Malawi taxes not investor friendly

Post was last updated: October 23, 2015

A Malawian taxation expert has criticised Malawi’s taxation system as being unfavourable to both local and foreign investors, saying some of the new taxes introduced recently in the national budget have just worsened the situation.

Former Malawi Revenue Authority (MRA) commissioner of customs and exercise, Emmanuel Kaluluma, said in an interview yesterday that the taxes being introduced in the country are contrary to efforts to encourage investment by the government.

“These taxes will not bring additional revenue. They will only slow down business growth,” said Kaluluma, who currently runs a tax consultancy firm in Blantyre.

He described Malawi’s tax system as prohibilitive and lacking attributes of a good tax system which promotes equity, simplicity and predictability.

He said amendments to the taxation system made by Minister of Finance Goodall Gondwe were ill-timed for the country which is grappling with various economic challenges.

Some of the new taxes or tax measures introduced in the budget include fining of any person who fails to demand or keep a fiscal receipt after purchasing goods and services, fining three times the Value Added Tax – VAT involved for failure to demand, retain or report refusal by a user to issue a fiscal receipt, consideration of interest not charged on a loan by a lender “as an income” even where the loan is from a foreign source.

MRA now determines the foregone interest at prevailing bank rate plus five percent per annum when calculating tax to be charged.

The government has also given powers to MRA to seal off premises of any person or business accused of offenses on VAT and electronic fiscal devises without a court order while duty and other import levies have been re-introduced on television and radio broadcasting equipment.

Kaluluma said with such “strange” tax measures, Malawi should not expect to attract investors.

“The timing is wrong. We need to do more, go out of our way to attract investors into the country,” said Kaluluma.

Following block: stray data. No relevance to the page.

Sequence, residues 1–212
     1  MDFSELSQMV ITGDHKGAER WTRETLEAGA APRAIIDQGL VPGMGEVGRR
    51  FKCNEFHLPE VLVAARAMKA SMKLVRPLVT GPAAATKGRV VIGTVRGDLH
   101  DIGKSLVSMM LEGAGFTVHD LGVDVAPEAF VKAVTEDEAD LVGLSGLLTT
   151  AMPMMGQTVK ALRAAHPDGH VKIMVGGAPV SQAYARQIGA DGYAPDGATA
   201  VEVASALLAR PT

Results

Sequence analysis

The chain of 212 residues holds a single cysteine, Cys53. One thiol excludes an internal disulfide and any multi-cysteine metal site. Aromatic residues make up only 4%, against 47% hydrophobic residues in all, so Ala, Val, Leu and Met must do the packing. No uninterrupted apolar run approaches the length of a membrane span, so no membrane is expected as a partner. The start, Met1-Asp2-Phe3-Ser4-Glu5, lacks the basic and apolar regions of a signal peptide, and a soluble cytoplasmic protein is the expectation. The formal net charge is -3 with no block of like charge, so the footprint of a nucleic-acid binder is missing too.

“The president is making efforts in that direction, but in my view, Treasury, without knowing, are standing in the way of such efforts,” he added.

He noted that the cost of borrowing is already prohibitive in the country and that the crew measures would only work against wealth creation in the country.

Referring to the proposal to allow MRA to charge bank interest rate plus five percent as interest, Kaluluma noted that if an investor secures loan capital from some other source at cheaper rate, the tax system will charge interest at bank ruling rate in Malawi, a situation he described as scary to foreign investors.

Gondwe said the tax measures were aimed at assisting government finance its activities in the absence of donor support.

Gondwe said the tax measures would concentrate on improving administrative efficiency, encouraging tax compliance, and broadening the tax base in order to generate more domestic resources.

The Institute of Chartered Accountants in Malawi (ICAM) and the Malawi Confederation of Chambers of Commerce and Industry (MCCCI) said earlier that unless the government reverses some of taxes, no investor would come into the country and that some businesses would even withdraw from the market.

Auditing firm Deloitte did an analysis of the taxes which showed that some businesses, especially multinational corporations, and consumers “would suffer” as a result of some of the taxes and provisions.

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